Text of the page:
So popular is the trend of culling these recipes that Nahm, one of the country’s top restaurants, has an entire menu of dishes based on such recipes. David Thompson, the man behind this fine-dining haven, boasts of a collection of over 500 funeral books which he painstakingly sourced, each of them featuring a unique recipe that he then distilled into his creations.
Gives a whole other meaning to the term ‘The dead do tell tales’, doesn’t it?
There’s no denying the fact that Filipinos love a good rumpus. One that’s always fuelled by copious amounts of eating, drinking and the national pass-time — singing karaoke. Ne’er an occasion goes by in the Philippines without some party of sorts to liven up the mood. Even a death in the family is no exception, where celebrating the deceased’s life is the most important of all things.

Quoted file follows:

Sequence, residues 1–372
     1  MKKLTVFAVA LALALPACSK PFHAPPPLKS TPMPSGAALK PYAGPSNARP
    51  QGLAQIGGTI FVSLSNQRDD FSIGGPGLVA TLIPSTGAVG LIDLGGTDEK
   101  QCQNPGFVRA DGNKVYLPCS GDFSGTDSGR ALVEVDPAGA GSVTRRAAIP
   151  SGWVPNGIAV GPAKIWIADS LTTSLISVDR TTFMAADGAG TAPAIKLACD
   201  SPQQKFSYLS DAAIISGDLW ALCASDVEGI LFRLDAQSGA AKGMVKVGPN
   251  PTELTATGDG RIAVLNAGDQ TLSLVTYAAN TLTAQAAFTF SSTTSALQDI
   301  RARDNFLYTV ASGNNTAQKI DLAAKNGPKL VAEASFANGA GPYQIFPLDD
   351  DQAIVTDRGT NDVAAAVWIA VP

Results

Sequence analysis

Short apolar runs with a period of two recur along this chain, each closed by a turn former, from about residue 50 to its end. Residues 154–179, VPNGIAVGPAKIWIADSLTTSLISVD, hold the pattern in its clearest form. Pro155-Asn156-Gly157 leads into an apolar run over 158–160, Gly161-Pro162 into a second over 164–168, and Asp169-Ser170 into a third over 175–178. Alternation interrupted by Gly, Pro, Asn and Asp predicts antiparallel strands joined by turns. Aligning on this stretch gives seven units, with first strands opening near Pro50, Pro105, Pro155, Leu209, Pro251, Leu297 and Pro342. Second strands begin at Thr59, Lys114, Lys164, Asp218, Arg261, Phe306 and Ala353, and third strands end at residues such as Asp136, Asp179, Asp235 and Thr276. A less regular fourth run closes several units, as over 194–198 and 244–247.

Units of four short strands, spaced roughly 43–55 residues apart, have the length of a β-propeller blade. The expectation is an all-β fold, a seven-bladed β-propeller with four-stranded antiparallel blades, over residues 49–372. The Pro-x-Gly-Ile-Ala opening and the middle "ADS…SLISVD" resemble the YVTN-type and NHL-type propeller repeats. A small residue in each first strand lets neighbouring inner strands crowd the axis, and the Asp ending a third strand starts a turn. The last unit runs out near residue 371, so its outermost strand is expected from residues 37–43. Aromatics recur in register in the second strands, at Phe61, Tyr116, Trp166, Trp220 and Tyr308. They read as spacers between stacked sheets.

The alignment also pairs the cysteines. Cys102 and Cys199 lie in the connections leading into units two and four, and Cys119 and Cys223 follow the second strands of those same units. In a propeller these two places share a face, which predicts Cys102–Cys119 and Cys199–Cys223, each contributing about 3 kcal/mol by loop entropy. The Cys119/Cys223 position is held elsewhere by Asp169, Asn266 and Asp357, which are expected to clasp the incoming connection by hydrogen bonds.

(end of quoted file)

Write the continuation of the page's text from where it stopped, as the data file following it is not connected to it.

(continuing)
In fact, so elaborate and ostentatious can the funeral, and the wake before that get, that it’s not uncommon for a wake, called paglalamay in Tagalog, to go on for as long as 10 days before the burial! This is primarily because there are over 10 million balikbayan or Overseas Filipino Workers (OFWs), with most families having at least one such member working abroad who needs time to make it back for the funeral and burial.
It’s during these round-the-clock paglalamays that the family of the deceased is expected to feed and take care of the mourners who come by to pay their respects, with feasts and entertainment. Yes, karaoke included. And why not? In the Philippines the wake is meant to be a lively affair — a way to keep the grieving distracted and those keeping vigil awake.